In efficiency push, CBEC to put senior officers’ performance under the lens

Shishir Sinha New Delhi | Updated on January 23, 2018

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Can lead to pre-mature retirement too

Nudged by the Prime Minister’s Office (PMO), the Central Board of Excise and Customs (CBEC) has decided to review the performance of each Group ‘A’ officer aged 50 years or above. Based on the review, a decision could be taken on his/her pre-mature retirement.

“Probably for the first time in recent years, the provision in service rules related with a kind of compulsory retirement is being invoked. This is after many instances of corruption and alleged inefficiencies,” a senior government official told BusinessLine, adding that the intention is to make the system much more efficient.

Under the Fundamental Rules (FR) and Central Civil Services or CCS (Pension) Rules, 1972, there is a provision to ascertain whether the government servant should be retained in service or be pre-maturely retired in public interest.

The CBEC is an indirect tax body responsible for policy formulation and collection of customs, Central excise duties and service tax.

Screening panel

A CBEC office order, dated August 14, announced the decision to constitute a four-member screening committee headed by the CBEC Chairman for “preparing a comprehensive brief on each officer, for being placed before the Review Committee and to assist the Review Committee in reviewing the cases for pre mature retirement of the Custom and Central Excise officers in Group ‘A’ under FR 56(J), FR 56(i) and Rules 48(1)(b) of CCS Pension Rules, 1972.” Another board order talks about constitution of a review committee, representation committee and the screening committee immediately.

FR 56(J) covers Group ‘A & B’ officers who entered service before 35 years of age and have attained 50 years of age. Rules 48(1)(b) of CCS Pension Rules, 1972 covers all government servants who have completed 30 years of service. All these rules prescribe pre-mature retirement after giving a three-month notice or pay allowance in lieu thereof.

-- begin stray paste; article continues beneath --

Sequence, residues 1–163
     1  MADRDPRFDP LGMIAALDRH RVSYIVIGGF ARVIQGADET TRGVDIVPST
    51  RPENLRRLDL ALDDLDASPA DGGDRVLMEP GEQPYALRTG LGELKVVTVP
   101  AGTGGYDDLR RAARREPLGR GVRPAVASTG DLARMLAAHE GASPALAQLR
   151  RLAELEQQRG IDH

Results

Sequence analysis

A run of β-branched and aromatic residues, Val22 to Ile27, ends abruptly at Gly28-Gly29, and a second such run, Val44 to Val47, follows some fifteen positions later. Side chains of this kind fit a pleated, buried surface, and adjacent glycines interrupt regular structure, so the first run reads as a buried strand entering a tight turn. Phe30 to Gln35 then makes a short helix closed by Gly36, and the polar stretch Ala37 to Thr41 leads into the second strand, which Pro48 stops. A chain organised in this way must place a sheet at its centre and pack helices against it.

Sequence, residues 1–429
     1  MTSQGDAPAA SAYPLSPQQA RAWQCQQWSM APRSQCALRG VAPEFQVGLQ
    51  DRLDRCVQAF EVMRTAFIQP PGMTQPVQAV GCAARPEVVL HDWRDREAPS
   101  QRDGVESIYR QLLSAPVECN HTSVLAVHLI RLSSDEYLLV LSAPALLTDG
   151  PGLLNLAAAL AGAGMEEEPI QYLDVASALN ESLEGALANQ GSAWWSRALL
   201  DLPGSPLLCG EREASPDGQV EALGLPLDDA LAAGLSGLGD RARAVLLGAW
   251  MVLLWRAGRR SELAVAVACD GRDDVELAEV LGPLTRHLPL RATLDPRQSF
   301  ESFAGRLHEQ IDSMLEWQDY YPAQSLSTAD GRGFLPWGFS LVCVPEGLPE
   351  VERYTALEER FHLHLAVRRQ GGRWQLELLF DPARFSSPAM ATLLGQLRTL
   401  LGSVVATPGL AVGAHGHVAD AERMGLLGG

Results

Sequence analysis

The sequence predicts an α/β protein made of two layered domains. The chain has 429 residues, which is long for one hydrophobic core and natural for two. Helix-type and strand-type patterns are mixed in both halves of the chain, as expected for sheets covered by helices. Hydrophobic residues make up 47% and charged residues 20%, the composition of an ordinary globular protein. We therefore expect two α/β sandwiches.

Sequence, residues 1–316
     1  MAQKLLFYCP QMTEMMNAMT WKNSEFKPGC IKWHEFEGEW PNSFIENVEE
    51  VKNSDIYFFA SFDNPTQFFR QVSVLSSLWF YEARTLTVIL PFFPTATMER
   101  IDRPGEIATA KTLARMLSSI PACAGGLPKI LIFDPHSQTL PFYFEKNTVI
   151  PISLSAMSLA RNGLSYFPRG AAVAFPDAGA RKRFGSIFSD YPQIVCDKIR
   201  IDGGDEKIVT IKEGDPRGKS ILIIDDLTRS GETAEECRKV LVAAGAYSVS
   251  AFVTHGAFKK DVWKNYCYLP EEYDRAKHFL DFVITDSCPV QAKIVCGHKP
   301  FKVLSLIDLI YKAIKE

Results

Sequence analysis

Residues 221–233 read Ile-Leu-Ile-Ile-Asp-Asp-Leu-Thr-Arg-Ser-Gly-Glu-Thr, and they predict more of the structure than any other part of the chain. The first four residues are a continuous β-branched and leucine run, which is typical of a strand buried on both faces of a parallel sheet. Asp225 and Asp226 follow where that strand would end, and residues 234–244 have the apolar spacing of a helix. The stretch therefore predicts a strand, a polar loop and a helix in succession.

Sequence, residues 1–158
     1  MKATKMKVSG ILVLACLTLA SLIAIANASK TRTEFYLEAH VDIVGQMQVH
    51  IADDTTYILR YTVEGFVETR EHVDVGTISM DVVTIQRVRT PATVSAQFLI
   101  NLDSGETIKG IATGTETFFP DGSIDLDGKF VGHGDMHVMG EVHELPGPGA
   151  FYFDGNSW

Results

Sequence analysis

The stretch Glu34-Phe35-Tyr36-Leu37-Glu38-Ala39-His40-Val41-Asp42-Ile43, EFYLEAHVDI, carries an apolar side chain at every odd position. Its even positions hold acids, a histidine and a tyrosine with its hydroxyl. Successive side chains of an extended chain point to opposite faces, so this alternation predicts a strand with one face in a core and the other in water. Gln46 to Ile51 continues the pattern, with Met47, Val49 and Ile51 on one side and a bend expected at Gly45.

The rules also prescribe formation of a committee to recommend pre-mature retirement on the basis of certain criterion that mainly includes two things — when integrity is under doubt, and when an employee is found to be ineffective (neither fit nor competent).

In fact, according to an office memorandum (OM) issued last year by the Department of Personnel and Training: “The damage to public interest could be marginal if an old employee, in the last year of service, is found ineffective; but the damage may be incalculable if he is found corrupt and demands or obtains illegal gratification during the said period for the tasks he is duty bound to perform.”

According to the OM, the Supreme Court had not only upheld the validity of FR 56(j) but also held that no show-cause notice need be issued to any government servant before a notice of retirement is issued to him under such rules. However, as a matter of precaution, the Court also advised that the decision of retirement should not be arbitrary or should not be based on collateral grounds.

Published on August 17, 2015

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